Exploring and reflecting on meaningful pathways to inclusive and personalized learning and living for students with complex developmental needs because education should prepare all students for a lifetime of inclusion, connection, growth and learning.

Wednesday, July 8, 2015

CCN Alphabet: Descriptive Language

Vocabulary is critical to language development. Without sufficient vocabulary, it is hard to understand others or to express your own ideas. We expand vocabulary by exposing children to words and their meaning. With people with complex communication needs we sometimes get stuck in focusing a lot of our effort on nouns simply because nouns represent things that we can touch or point to or match an object/symbol to.

In education, we often think of noun-related questions as the "easiest" questions as they require only "simple memorization". This noun-focused approach to teaching is known as "referential teaching". Referential teaching/questions require a specific one-word answer. These questions are sometimes referred to as "closed-ended". Referential teaching/questions require access to vocabulary that is specific to the topic that is being studied.  If a student has a communication system, this requires that the topic-specific words get programmed or added to the system at the beginning of each new unit of study. These words often have limited functional value beyond that unit of study so do not necessarily stay on the system beyond the time of the unit of study. Because they have limited  functional use, they also do not serve to increase a student's functional language skills.

Gail Vantatenhoven (2012) proposed that an alternative to a referential approach is a descriptive approach. In this approach, the vocabulary that is specific to the topic is still used but it is used by the communication partner/teacher/tutor and then concepts related to that vocabulary are talked about using high-frequency (core) vocabulary that is already available on the individual's communication system. The questions that are asked are more "open-ended" and encourage the use of common words for describing, defining, predicting, explaining, and/or comparing. This approach ensures that students can participate at pretty much any level of language development and that there is ongoing opportunity to work on language learning through the facilitating of more specific description using phrase/sentence construction, use of tense (past, present, future), use of word endings (s, ing, er, est...etc.),

Description and action words that could be used include talking about:
  • how something, someone or some place looks (pretty/ugly, straight/crooked, bright/dark,shiny/dull, neat/messy, it's color...etc.), sounds (noisy/quiet), smells/tastes (stinky, sweet, salty, hot, spicy, sour, nice...etc.) or feels (hot/cold, hard/soft, bumpy/smooth, heavy/light, sticky, fuzzy, slippery, wet/dry...etc.).
  • the quantity, size or shape of the person, place or thing: big/little, long/short, many/few, short/tall, empty/full, far/near, whole/part, all/some/none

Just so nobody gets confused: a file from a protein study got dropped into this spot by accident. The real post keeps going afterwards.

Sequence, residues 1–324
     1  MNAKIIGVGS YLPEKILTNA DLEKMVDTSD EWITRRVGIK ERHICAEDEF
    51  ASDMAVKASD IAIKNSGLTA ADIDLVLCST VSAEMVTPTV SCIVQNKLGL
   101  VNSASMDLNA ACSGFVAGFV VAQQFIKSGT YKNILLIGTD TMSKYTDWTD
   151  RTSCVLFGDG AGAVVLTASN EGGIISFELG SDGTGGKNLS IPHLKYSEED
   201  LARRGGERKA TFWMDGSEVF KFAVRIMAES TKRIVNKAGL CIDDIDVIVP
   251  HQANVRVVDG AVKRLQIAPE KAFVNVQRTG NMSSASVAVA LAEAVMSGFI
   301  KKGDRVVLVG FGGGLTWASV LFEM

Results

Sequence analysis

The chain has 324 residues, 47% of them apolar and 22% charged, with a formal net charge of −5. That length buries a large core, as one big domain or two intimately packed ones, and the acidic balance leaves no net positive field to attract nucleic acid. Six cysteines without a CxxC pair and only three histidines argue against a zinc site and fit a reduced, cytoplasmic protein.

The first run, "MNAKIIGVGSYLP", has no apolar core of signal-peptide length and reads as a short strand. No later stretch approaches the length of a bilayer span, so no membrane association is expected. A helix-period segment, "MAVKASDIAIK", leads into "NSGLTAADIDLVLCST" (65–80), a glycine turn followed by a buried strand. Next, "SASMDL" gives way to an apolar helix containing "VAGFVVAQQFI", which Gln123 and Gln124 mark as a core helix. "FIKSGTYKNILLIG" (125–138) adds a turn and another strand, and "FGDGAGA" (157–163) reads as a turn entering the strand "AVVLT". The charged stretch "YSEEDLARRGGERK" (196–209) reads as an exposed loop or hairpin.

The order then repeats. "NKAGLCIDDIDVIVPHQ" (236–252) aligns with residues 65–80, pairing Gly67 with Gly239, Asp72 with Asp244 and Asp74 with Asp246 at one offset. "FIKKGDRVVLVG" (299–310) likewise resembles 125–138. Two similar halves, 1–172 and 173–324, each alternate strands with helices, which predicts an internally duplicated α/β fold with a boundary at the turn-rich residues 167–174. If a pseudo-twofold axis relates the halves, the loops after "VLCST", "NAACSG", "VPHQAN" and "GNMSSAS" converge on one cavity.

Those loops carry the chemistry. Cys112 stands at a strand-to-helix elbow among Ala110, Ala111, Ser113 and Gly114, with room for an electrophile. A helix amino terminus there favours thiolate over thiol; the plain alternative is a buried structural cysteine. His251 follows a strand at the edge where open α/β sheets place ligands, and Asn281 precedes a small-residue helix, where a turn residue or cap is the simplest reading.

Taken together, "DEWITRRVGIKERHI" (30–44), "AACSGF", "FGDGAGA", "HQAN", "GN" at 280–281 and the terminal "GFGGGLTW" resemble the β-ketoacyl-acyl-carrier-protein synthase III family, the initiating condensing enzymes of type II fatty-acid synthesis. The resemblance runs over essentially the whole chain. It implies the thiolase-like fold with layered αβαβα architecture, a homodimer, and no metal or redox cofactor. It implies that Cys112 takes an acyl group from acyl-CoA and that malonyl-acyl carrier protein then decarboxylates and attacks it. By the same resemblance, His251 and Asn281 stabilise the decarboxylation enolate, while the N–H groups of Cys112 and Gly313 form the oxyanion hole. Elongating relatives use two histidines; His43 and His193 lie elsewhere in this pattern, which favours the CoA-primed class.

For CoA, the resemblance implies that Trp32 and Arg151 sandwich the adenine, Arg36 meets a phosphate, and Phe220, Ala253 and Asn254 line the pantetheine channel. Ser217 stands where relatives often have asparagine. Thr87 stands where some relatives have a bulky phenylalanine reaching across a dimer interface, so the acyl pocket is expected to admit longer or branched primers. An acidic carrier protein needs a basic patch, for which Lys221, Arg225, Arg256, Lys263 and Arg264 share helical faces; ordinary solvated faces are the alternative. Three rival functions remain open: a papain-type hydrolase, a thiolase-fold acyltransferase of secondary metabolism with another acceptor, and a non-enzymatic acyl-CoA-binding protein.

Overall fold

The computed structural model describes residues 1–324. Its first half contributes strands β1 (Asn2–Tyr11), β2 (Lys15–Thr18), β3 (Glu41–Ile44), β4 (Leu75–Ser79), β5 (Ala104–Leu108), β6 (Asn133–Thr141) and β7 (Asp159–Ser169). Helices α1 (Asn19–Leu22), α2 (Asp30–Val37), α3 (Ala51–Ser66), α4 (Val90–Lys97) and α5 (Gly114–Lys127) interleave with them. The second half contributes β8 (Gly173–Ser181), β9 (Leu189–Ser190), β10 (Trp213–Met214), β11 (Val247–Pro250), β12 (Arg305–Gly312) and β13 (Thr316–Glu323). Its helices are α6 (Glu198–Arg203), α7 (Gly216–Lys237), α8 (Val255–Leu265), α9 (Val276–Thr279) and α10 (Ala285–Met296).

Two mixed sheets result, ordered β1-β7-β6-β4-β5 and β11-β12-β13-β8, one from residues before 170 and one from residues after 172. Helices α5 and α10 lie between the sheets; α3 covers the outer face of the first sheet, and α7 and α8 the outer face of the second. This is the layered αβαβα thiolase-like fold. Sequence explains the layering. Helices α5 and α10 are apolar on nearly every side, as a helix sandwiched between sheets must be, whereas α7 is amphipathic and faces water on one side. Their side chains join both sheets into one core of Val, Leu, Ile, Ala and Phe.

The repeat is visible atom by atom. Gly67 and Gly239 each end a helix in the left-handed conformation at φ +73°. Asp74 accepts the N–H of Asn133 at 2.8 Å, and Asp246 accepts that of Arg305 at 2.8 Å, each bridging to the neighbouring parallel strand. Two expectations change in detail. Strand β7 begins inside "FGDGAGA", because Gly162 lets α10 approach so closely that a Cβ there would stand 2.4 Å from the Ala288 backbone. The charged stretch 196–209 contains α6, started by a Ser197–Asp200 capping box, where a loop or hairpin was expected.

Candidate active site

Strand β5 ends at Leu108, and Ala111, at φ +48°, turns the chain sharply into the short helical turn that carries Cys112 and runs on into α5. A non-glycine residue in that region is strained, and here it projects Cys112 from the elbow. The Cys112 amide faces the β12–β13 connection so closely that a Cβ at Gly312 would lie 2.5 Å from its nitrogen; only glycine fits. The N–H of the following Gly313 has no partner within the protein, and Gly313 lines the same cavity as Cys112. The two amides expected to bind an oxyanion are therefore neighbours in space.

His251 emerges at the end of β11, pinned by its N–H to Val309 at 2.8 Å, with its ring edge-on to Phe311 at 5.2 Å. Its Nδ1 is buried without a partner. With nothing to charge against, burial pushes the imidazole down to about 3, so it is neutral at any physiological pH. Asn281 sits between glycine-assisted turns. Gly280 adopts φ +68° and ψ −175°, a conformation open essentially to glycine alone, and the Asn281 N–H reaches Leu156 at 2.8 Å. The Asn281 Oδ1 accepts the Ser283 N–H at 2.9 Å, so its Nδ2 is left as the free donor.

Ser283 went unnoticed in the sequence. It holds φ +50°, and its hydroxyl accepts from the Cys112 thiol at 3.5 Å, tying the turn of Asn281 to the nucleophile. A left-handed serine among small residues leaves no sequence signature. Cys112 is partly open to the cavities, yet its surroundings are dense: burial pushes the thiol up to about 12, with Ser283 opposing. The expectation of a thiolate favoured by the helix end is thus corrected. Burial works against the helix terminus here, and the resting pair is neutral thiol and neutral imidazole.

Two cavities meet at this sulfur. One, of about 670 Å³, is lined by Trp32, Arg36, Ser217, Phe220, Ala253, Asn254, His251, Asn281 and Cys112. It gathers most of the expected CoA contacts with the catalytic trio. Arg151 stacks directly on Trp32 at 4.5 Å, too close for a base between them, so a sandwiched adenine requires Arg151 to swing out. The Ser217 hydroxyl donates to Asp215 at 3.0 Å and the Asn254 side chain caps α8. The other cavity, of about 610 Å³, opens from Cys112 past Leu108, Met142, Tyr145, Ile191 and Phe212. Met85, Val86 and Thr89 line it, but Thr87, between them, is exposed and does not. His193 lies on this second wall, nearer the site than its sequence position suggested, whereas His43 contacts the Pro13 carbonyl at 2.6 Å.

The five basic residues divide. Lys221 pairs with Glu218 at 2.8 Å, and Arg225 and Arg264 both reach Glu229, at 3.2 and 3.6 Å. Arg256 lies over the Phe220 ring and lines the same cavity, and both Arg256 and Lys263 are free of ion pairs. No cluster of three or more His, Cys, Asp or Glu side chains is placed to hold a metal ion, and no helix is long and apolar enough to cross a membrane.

• how the person or thing moves and/or acts: fast/slow, push, pull, turn, roll, drop, fall, write, talk, tell, sing, 

This handout on the Descriptive Teaching Model includes some examples of how this could be implemented in a couple of different curriculum areas.

This post titled Fringe Makes Me Cringe on the blog voices4all shares a mother's story of changing from referential to a descriptive model.

I have just recently experienced the power of using a descriptive language approach with my son. He has an extremely limited number of spoken words and we have tried many different communication supports through the years. Last summer we started using a system that is Core Word based as well as focusing on Aided Language Input and using descriptive language both for his school-based learning and throughout the day. At first, much of what we did was modeling but after a few months, he started using his talk to describe things rather than just to name things. At one point, he wanted to go to a hotel and the word hotel was not on his talker so he proceeded to use words that describe the things we do or see in a hotel - car, sleep, swim, curtains, eat...etc. When I still didn't understand, he went and got a suitcase to try to help with his explanation.  The picture included here is him when he finally got to go to the hotel.

At one point we also started sitting down each night with his talker and talking about what we did that day. Sometimes there were pictures on his iPad that helped and sometimes we just had to go with what we knew. We used a descriptive approach when we did this so there were a lot of things that were happening right within his day that we were wrapping descriptive language around.  There was actually a stretch of time when he was asking to add words to his talker that were tied to things we were doing so that he could use them when we talked that evening (rather than trying to go back and describe it).

These are just a couple of examples of how we have used this approach beyond just classroom application. He has used it to describe quite a few other things that are meaningful to him as they have come up and as he started to do this around things that were personally meaningful to him, he also started engaging in descriptive language related to school content so we could move on from just the input stage and start having some back and forth interactions. The great thing about the approach is that we are able to use the context of what is going on in the classroom to meet him where he is at in regards to language development. We can focus on expanding answers to just one more word to get a bit more specific answer.
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